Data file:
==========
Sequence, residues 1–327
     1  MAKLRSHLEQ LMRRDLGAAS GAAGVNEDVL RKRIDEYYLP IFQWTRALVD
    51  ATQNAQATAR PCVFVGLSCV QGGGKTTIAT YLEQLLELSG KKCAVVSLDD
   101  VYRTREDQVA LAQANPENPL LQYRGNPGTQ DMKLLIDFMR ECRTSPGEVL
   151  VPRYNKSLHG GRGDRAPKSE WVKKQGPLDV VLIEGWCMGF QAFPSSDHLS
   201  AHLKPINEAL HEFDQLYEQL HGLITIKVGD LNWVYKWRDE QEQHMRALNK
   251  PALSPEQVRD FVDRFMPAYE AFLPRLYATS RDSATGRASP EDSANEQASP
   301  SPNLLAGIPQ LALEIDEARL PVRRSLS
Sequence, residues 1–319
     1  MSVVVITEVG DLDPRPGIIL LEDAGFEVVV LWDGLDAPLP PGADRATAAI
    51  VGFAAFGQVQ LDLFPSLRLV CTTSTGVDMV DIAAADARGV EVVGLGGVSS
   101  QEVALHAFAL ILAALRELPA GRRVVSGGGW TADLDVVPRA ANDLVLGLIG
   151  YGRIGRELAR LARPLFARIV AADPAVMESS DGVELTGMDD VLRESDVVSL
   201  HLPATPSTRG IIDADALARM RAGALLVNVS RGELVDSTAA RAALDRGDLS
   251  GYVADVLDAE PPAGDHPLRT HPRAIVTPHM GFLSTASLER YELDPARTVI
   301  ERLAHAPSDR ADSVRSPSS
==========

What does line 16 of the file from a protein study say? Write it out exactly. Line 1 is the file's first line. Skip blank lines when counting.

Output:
   301  ERLAHAPSDR ADSVRSPSS